The debut LP from Brother Reade is appropriately titled Rap Music, because, simply, that’s what it is, like calling a CD a CD or a tiger a tiger. While there are definite notes to be taken in some parts of the album, it is Rap Music, quite similar to many other albums that could easily be called by the same name. The vocal style on the album hits hard on every similar sound of rhyme and assonance, while the beat underlines it all, occasionally offering percussive rhythms that can stand on their own, and layered with the lyrics, can sometimes feel like the roles are reversed, where the underlining bassline carries vocals forward. This, however, is few and far between, a twinge of the ear heard in the song and then lost somewhere in the rap music. As I said before though, there are notable things within this record that of course don’t separate themselves from rap music, and don’t really rise above rap music, but are certainly commendable.
First, the lyric work of Jimmy Jamz is impressive by mere fact of its continuity of sound, a steady stream of words shooting out the mouth based around not just simple rhyme for two lines, but unceasing sound-play. The assonance acts quickly through words and involved consonants by uniting them in voice of a single vowel that sings sharp for every sound. here is not a moment to breathe in Jamz’s lyrics, drowning in the constant sound surging with every striking syllable, which certainly shows his skills as a wordsmith, but not so much in the way of melody, but that, of course, is rap music.
Secondly, Bobby Evans’ beats beat strong without gimmick, just as much attention paid to the precision of percussion as Jamz’ rhymes in songs like “Let’s Go” and “About the Rock.” The rhythm is repeatedly layered through out those songs, little noises of taps of drums and shaking symbols building momentum to a chorus where the music leaps in height and excitement and doesn’t simply walk into the chorus expecting shit to happen. The decadent beat to “Everywher I Go” matches perfectly with Jamz lyrics, fumbling drum sounds falling into the mundane bassline, fully equipped with cricket sounds echoing in the empty, phony, hollow men that exist on “Everywher I Go.” Other beats certainly catch some ears, but most of them serve the purpose of a hip hop beat, to underline the spoken words, but that, of course, is rap music, which is a good point.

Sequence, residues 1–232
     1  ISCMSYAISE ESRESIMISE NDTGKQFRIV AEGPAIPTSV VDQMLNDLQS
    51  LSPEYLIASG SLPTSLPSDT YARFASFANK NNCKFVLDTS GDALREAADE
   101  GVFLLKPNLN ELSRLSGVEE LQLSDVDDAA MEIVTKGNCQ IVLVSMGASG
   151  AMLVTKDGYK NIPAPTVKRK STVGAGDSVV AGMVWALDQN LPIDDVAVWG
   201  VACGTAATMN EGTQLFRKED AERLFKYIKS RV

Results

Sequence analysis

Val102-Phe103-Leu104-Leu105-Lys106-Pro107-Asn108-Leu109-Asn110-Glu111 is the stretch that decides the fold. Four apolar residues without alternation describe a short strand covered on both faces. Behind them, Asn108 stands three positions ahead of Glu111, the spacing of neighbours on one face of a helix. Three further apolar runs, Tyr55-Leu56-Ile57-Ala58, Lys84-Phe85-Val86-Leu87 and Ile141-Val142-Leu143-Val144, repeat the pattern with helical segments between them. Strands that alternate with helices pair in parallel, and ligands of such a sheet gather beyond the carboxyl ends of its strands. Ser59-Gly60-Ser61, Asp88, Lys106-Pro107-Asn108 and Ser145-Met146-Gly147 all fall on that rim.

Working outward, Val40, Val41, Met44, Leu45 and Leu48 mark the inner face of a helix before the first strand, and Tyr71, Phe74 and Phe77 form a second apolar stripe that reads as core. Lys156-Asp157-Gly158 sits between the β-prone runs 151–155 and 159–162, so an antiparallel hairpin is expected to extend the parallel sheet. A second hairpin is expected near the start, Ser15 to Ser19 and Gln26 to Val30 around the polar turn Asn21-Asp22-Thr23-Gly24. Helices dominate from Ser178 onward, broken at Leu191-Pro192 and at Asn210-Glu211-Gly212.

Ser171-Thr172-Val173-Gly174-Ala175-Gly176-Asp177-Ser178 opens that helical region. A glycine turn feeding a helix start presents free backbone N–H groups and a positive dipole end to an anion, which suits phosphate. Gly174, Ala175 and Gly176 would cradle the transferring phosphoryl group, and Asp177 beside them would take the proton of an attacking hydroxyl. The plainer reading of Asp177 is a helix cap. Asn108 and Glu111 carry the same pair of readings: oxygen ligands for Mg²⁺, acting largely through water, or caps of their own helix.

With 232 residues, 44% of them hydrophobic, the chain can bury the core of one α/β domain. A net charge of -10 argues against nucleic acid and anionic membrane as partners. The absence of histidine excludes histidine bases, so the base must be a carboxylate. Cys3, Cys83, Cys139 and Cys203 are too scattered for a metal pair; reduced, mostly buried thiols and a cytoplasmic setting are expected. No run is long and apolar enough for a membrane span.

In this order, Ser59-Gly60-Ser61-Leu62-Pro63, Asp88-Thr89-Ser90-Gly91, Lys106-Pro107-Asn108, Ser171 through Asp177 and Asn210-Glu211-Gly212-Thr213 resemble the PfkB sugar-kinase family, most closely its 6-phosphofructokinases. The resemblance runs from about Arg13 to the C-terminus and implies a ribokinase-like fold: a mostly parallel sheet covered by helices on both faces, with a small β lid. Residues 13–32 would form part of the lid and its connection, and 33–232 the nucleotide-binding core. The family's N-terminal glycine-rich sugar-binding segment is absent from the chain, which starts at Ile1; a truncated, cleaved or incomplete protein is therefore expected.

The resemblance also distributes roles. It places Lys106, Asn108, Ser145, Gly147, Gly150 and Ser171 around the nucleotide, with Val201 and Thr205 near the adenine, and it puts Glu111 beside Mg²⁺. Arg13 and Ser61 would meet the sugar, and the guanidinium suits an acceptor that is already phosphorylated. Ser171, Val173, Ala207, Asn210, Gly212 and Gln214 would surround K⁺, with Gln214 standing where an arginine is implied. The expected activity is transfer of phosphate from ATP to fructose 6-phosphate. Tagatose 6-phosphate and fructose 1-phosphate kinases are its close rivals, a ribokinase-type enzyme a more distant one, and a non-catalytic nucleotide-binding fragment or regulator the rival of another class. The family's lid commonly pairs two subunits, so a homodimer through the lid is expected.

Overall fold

Rap Music is rap music, and an excellent example of such, unpitched and unapologetic to make for static rhymed rhythms around money, sex, players, violence, insults, and shameless self-promotion, which Brother Reade knows very well. Jamz and Evans embrace everything about rap music in Rap Music, and so, any gripe to be had with Rap Music is really a gripe with rap music in general, any gripes I’ve voiced in the preceding review included. The song “Let’s Go” certainly shows Jamz and Evans enthusiasm for all that is rap music, so essentially, if you like rap music, you’ll like Rap Music. If not, well…
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